Monday, July 11, 2005

Mid-Summer Smog Report

For Immediate Release Contact: Frank O’Donnell (202-558-3527 or


(Washington, DC. July 11, 2005) – The non-profit Clean Air Watch today warned that at least 38 states have experienced serious smog problems already this summer.

In June alone, there were nearly triple the monitored violations of the national health standard for smog compared to a year ago, based on an unofficial survey by Clean Air Watch volunteers.

“This is a gasping reminder that smog remains a widespread and persistent public health problem,” said Frank O’Donnell, president of Clean Air Watch. “We cannot afford to cut new breaks for polluters if we are going to meet our public health standards.”

O’Donnell cautioned that a threat looming in Congress could undermine progress towards achieving health goals. House and Senate negotiators may meet as soon as this week to hash out final energy legislation. The House version includes a provision, championed by House Energy and Commerce Committee Chairman Joe Barton (R-TX), which could postpone achievement of smog standards in many parts of the nation.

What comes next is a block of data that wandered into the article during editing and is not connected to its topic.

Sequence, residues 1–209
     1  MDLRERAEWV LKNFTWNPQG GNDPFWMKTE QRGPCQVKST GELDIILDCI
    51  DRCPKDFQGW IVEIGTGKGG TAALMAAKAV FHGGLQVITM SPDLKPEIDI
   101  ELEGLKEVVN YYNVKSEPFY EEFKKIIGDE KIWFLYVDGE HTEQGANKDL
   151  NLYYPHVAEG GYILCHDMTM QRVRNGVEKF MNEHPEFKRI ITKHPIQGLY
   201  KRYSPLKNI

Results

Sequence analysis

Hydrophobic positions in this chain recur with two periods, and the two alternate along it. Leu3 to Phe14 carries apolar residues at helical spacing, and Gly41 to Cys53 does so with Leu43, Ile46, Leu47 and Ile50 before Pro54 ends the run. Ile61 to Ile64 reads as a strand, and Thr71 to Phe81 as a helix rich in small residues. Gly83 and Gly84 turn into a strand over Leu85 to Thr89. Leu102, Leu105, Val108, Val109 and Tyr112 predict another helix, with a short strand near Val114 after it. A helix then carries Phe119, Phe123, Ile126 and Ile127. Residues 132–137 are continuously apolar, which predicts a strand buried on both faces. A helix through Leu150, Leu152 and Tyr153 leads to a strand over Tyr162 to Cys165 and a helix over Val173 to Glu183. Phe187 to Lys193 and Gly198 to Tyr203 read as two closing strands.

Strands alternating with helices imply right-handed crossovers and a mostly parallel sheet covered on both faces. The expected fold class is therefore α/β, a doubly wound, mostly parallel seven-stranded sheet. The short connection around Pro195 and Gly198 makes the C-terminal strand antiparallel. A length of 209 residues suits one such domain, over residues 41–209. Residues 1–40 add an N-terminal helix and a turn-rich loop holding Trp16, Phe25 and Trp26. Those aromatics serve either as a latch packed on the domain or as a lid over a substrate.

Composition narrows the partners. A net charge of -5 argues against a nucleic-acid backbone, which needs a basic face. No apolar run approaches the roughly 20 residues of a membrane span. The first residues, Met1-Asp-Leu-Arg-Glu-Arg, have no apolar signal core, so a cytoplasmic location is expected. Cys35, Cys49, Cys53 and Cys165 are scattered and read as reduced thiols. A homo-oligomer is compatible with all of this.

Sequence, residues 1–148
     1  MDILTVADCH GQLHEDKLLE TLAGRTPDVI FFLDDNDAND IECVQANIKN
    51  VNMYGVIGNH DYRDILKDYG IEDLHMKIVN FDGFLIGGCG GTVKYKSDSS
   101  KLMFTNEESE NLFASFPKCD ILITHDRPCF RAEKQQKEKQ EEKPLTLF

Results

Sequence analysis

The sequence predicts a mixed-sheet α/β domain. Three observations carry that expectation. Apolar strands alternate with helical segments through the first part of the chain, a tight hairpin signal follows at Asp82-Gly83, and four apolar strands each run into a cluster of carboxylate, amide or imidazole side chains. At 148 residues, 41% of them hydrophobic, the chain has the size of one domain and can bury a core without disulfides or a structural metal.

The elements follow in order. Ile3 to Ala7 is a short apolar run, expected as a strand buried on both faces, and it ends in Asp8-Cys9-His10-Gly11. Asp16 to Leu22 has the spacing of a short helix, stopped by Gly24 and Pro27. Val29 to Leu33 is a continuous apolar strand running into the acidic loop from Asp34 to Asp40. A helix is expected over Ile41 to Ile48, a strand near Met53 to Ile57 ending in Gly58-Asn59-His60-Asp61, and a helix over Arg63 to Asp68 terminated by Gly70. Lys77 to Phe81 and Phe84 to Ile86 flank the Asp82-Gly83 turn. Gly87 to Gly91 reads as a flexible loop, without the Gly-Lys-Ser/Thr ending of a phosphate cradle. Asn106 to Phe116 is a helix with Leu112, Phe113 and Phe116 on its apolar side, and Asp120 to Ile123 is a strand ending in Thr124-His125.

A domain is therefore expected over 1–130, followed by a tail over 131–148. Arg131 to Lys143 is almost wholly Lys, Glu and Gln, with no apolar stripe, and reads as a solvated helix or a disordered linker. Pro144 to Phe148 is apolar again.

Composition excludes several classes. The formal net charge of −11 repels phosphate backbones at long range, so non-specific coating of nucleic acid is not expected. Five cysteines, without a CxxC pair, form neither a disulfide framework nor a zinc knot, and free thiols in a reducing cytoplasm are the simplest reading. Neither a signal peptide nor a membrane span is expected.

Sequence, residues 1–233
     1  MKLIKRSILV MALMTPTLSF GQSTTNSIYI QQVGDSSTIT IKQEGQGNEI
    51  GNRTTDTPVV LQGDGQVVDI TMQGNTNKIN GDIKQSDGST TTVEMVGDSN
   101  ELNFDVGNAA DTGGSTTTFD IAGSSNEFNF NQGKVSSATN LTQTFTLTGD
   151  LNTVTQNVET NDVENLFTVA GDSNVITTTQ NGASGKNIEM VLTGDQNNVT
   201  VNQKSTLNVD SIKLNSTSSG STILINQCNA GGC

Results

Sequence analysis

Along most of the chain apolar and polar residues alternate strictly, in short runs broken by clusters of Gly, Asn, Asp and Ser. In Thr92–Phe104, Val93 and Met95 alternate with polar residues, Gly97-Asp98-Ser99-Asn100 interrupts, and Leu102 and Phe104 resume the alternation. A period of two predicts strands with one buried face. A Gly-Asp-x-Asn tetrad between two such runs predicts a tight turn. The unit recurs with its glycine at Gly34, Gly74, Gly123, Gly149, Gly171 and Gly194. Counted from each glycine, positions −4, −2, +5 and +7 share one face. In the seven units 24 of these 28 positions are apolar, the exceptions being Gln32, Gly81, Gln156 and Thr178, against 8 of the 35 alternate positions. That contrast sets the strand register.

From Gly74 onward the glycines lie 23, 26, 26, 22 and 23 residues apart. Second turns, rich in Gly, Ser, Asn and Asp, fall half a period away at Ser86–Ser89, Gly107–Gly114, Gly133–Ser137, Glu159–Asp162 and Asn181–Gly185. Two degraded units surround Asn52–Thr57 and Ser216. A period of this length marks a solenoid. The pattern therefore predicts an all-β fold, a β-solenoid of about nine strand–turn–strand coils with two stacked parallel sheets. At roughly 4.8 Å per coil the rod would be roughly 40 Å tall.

O’Donnell said the smog statistics underscore that EPA’s recent “clean air interstate rule” – although a step in the right direction – will not be good enough to meet public health standards everywhere.

“State authorities will need to keep the right to take action against pollution blowing in from other states,” O’Donnell said.

The survey of public web sites found monitored readings of dirty air in states from California to Maine. In June alone, there were 941 violations of the smog standard, compared to 329 in June 2004.

Dirty air haunted such popular vacation spots such as Cape Cod, Acadia National Park, the Adirondacks, the Great Smoky Mountains National Park and Zion National Park.

O’Donnell said the severity of the issue was underscored by recent studies which showed that smog can kill. Three independent research reviews - commissioned by EPA and published in the July issue of Epidemiology – all linked daily levels of smog to an increased risk of death.

Details of the survey and a scholarly commentary on the new health studies are available at the Clean Air Watch Blog for Clean Air at The unofficial monitor-by-monitor readings are available from Clean Air Watch.